CEOs unlikely to come from HR profession: could there be a gender issue here?

14 Nov 2011

Helen Giles

One obvious correlation, it seems to me, is that most HR professionals are women and most CEOs are men. There must be a relationship here somewhere to that current high profile debate about why there are not more women on boards.

One thing I've noticed time and time again is the vicious circle that prevents HR professionals being more strategic within their organisations. HR has not traditionally been seen as a strategic function which adds measurable value, so CEOs are reluctant to invest in it properly.

It's too much of an article of faith to spend a decent amount of money on it since they've never seen with their own eyes the return on investment that comes from a properly resourced team, with truly competent individuals, operating at the right levels.

The HR staff they employ are then often operating at too low a level with too few staff in their departments to handle even the basics of the job well.

I have seen many a bright and able HR 'head' or 'manager', reporting to the top tier through a finance director, with a tiny team of juniors to support him or her (most often a her). They desperately want to get out there, understand the business and focus on long-term strategic planning, but are bogged down handling the complex and time-consuming work of dealing with regulation and employee relations.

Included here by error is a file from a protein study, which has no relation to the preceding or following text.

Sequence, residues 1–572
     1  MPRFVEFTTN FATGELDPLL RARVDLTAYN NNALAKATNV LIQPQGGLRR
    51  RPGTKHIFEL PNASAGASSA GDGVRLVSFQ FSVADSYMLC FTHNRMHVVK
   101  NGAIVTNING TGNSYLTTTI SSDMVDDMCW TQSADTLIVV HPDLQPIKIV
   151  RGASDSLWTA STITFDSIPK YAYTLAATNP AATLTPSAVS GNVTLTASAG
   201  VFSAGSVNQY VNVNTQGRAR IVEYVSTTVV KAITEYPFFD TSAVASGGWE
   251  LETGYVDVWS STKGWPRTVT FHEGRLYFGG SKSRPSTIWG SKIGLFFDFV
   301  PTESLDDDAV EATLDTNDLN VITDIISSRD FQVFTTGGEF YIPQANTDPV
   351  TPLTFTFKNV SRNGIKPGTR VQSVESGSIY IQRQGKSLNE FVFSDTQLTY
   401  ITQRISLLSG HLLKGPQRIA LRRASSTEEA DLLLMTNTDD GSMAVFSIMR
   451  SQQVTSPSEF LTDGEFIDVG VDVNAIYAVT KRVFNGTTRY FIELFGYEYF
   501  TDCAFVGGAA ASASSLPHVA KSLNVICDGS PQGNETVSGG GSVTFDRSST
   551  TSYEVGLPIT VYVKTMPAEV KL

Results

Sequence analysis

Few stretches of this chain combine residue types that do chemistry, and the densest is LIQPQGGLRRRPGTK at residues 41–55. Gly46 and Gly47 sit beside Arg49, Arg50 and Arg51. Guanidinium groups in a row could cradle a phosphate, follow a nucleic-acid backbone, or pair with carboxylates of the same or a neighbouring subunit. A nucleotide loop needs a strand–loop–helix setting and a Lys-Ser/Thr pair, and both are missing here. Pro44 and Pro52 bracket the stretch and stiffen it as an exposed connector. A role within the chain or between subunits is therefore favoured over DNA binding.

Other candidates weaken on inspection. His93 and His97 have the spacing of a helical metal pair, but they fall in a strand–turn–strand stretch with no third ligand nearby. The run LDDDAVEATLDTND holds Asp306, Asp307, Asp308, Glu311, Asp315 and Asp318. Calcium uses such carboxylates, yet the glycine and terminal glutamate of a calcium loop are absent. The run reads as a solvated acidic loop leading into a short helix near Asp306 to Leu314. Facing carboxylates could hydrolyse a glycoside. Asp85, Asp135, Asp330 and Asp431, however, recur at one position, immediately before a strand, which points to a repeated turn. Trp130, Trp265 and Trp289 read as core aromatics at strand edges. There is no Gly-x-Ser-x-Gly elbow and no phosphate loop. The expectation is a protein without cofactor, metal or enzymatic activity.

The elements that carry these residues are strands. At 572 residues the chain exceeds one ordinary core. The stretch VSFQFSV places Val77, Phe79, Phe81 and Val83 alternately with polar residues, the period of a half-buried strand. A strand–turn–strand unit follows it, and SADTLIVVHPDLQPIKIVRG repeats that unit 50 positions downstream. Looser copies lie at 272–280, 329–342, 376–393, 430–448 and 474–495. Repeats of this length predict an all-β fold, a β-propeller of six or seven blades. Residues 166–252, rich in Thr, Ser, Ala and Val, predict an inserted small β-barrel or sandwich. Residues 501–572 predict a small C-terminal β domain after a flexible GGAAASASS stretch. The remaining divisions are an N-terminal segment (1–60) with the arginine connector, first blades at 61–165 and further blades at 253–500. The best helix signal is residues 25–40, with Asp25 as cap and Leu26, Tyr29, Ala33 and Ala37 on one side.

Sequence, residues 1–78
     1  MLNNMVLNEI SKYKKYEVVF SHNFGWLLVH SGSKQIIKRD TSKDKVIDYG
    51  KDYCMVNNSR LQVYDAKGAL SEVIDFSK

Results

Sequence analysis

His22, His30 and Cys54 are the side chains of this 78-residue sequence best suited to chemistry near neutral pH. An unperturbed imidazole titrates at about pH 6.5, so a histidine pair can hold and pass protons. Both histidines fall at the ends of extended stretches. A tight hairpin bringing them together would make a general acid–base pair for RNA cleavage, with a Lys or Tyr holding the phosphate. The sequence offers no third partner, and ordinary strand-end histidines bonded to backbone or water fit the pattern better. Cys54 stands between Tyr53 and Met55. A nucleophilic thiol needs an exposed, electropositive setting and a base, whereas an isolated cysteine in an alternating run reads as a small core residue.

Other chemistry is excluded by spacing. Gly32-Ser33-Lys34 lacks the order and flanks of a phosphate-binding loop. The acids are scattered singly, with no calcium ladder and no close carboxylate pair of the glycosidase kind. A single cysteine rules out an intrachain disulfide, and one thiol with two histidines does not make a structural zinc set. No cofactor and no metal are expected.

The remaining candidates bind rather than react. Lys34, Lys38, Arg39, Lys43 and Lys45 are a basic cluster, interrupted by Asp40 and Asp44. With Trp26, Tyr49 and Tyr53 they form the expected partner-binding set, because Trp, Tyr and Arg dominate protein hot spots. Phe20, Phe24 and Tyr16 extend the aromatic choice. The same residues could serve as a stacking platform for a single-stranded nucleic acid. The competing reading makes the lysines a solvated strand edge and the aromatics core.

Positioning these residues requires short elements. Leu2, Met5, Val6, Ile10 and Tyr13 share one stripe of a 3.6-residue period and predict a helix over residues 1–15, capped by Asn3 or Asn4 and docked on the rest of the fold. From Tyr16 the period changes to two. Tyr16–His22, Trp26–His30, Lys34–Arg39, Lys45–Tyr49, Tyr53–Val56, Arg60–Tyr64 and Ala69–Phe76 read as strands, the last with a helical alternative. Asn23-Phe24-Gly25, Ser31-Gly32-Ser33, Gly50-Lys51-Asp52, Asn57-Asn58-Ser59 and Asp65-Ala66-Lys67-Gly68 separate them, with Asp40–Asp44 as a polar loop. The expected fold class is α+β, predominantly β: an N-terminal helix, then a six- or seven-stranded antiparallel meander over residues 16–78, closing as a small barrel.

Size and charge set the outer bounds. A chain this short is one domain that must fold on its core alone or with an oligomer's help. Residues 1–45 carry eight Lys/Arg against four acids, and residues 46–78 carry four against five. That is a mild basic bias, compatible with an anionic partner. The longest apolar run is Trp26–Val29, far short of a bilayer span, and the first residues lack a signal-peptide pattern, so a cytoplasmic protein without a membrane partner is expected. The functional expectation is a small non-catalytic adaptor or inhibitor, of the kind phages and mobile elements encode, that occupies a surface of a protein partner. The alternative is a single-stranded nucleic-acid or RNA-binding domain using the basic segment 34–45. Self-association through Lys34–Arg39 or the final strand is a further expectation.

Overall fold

They are seen as pretty useful and reasonably competent within the business for fire-fighting reactive purposes. But, their potential to do the more strategic work of influencing the business to operate in a way that minimises the potential for such problems to arise in the first place remains unseen. This means the top decision-makers lack the evidence to invest more to have the right people in the right places within the function to make it a leading contributor to the success of the business.

In short, I believe that it is this vicious circle that serves as the main barrier to progression of HR people to the top, rather than anything intrinsic about the HR function or the mindset or capabilities of the people who go into it. Then again, as the article pointed out, there are a number of HRDs who have broken through this vicious cycle to become high impact contributors to successful businesses and public bodies but haven't become CEOs because they don't want to, being more inclined to venture into setting up successful HR businesses of their own.

Helen Giles is HR director at Broadway Housing


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